Business Continuity Management System
BCM is a holistic management process that identifies potential threats to an organization and the impacts to business operations those threats, if realized, might cause, and which provides a framework for building organizational resilience with the capability for an effective response that safeguards the interests of its key stakeholders, reputation, brand and value-creating activities.
Business Continuity Management System also involves the management of recovery or continuity in the event of an incident and management of the overall program through training, rehearsals, and reviews, to ensure the Business Continuity Plan stays current and up-to-date.
Purpose of BCM is to provide a basis for understanding, developing and implementing business continuity within an organization and to provide confidence in business-to-business and business-to-customer dealings.
- To maintain the ability of the organization to function continuously even during an incident or disaster
- To deliver product or service on time always, the organization will decide the allowable delays
- To comply with moral and social responsibilities
- The Statutory duty to undertake BCM in many countries if exporting their products
Benefits of an effective BCM Program
The benefits of a BCM program are that the organization:
- is able to proactively identify risks to its operation, and have in place a capability to mitigate and manage those risks;
- maintains an ability to manage uninsurable risks, such as risk to reputation;
- has in place an effective response to major disruptions;
- is able to demonstrate that the program is credible through a process of exercising and auditing;
- may have a competitive advantage, conferred by the demonstrated ability to maintain customer service, profitability and employment of its staff; and
- is able to demonstrate that the program is iterative and is embedded as good business practice.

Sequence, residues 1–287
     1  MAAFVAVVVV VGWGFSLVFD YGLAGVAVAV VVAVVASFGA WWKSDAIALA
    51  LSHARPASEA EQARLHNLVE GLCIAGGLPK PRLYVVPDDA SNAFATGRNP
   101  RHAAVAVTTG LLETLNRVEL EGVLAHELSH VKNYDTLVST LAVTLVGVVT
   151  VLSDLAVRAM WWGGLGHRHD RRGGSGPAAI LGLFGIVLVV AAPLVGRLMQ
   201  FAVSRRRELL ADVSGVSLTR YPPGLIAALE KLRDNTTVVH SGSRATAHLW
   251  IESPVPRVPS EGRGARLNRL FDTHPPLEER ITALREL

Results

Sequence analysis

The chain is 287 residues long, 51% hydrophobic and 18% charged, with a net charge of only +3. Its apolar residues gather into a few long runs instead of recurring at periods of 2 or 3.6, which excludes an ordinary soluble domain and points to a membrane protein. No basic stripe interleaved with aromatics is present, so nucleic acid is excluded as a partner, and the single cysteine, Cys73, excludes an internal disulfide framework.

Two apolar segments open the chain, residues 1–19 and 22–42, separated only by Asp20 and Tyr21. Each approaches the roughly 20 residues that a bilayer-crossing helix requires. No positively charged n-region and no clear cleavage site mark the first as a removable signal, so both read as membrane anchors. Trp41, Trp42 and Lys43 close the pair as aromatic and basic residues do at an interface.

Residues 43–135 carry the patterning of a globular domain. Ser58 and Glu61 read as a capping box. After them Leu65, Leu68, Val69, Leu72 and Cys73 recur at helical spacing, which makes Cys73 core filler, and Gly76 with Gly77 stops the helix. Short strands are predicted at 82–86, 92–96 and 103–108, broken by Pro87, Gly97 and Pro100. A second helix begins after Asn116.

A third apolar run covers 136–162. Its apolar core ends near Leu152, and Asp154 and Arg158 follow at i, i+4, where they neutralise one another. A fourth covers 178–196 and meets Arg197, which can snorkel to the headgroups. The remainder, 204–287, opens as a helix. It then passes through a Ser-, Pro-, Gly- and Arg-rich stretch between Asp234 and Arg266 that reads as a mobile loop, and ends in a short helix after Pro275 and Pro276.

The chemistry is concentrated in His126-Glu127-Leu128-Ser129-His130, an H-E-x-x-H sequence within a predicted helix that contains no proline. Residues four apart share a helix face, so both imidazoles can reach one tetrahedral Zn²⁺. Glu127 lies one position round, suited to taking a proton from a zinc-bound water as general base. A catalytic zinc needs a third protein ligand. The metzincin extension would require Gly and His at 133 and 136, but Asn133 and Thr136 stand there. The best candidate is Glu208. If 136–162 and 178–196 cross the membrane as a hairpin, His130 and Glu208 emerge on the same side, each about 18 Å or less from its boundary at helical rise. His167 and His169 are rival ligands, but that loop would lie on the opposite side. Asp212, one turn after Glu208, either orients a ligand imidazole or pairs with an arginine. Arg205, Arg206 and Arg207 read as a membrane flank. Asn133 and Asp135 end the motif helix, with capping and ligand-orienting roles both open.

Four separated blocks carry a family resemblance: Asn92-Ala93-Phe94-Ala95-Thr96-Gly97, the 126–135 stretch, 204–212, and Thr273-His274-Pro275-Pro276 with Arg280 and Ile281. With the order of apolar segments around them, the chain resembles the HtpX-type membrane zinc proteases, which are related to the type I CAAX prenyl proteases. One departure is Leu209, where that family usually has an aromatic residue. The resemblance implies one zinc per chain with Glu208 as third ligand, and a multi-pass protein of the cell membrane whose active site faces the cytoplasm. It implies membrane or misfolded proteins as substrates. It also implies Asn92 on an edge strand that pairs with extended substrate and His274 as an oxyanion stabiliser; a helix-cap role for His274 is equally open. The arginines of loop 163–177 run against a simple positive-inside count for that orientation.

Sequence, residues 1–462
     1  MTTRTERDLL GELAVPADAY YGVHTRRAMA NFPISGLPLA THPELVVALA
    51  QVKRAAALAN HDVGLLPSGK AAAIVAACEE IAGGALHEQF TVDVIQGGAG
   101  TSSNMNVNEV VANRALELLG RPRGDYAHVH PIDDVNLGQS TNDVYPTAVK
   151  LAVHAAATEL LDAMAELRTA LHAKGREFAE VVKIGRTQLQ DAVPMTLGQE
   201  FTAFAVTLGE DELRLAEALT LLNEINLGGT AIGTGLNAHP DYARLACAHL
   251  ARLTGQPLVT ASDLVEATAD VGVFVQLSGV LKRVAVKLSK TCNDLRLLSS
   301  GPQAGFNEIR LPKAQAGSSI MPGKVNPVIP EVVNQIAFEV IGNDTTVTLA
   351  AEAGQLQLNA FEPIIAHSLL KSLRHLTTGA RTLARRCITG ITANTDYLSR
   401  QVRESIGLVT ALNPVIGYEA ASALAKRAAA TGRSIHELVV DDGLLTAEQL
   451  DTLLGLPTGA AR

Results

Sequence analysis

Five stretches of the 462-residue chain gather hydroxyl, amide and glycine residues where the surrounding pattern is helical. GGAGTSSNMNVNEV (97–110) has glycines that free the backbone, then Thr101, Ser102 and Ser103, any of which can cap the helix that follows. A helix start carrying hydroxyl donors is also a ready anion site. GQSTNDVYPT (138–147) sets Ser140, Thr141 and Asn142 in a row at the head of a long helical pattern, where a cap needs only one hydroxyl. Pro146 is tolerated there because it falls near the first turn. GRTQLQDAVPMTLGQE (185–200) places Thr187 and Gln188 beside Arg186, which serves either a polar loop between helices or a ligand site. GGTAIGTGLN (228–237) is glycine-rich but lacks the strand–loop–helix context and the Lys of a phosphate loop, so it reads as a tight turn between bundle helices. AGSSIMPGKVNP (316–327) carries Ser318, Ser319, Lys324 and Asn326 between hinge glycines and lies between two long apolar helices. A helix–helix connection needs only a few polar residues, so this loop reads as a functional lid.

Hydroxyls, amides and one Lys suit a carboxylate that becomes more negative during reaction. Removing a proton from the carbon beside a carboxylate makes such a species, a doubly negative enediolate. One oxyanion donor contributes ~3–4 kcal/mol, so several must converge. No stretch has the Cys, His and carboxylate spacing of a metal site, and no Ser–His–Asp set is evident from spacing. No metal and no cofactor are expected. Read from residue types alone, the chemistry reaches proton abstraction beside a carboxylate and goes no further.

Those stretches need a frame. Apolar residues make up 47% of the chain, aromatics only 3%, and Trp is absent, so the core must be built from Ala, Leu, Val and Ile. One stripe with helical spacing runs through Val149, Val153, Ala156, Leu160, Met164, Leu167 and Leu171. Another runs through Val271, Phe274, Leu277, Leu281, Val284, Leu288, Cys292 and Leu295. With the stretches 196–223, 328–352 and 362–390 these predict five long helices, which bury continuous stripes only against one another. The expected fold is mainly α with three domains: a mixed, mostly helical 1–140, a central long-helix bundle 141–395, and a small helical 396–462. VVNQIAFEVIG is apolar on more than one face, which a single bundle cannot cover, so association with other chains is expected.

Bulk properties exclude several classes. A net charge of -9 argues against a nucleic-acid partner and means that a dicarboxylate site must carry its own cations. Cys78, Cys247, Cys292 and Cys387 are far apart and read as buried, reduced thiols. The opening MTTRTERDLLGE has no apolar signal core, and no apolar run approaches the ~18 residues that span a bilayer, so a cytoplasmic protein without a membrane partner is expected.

SCOPE OF SERVICES
Phase I: Understanding the Organization
A BCM understanding of the organization comes from:
- identifying the organization’s objectives and stakeholder obligations through Business Risk Assessment;
- requiring senior management to identify critical products and services that support these objectives and obligations (which determine the BCM scope);
- identifying the activities, assets and resources that support the delivery of these products and services;
- assessing the impact and consequences over time of the failure of these activities;and identifying and evaluating the perceived threats that could disrupt its activities.
The Approach in this Phase will be to have a brainstorming session at all levels of the organization including Top Management.
This will include various training sessions on the importance and requirements of BCM for all levels.
The outcome of this Phase will be Business Impact Analysis (BIA).
Phase II: Determining BCM Options
Selection of BCM option to ensure the following:
- provide continuity for the products or services of the organization following an incident, and
- implement appropriate measures to prevent incidents occurring, and/or reduce the potential effects of those incidents;
- take due cognizance of the resilience and countermeasure options already present within the organization, in order to avoid the development of duplicate controls.
Based on the Business Impact Analysis, available resources and future business requirements, various options will be selected with the support of Top Management and policies will be documented.
Phase III: Developing and Implementing a BCM Response
Preparation and execution of
- Incident Management Plan
- Business Continuity Plan
As an input to this Phase, various policies developed in Phase II will be deployed through various plans and procedures. Plans / Procedures need to be developed by Cross-Functional Team at all levels.
Onsite support shall be provided to ensure smooth implementation.
Phase IV: Exercising, Maintenance, Auditing and Self-Assessment of BCM
In this Phase, personnel will be trained in carrying out the Self-Assessment and Internal Audit. This stage is of utmost importance to continue the BCM.
Phase V: Embedding BCM in the Organization’s Culture
Creating and embedding a BCM culture within an organization can be a lengthy and difficult process that might encounter a level of resistance that was not anticipated. An understanding of the existing culture within the organization will assist in the development of an appropriate BCM culture program.
All staffs have to understand that business continuity management is a serious issue for the organization and that they have an important role to play in maintaining the delivery of products and services to their clients and customers.
BCM will be embedded in the culture of the organization through ongoing education and information program for existing and new staff.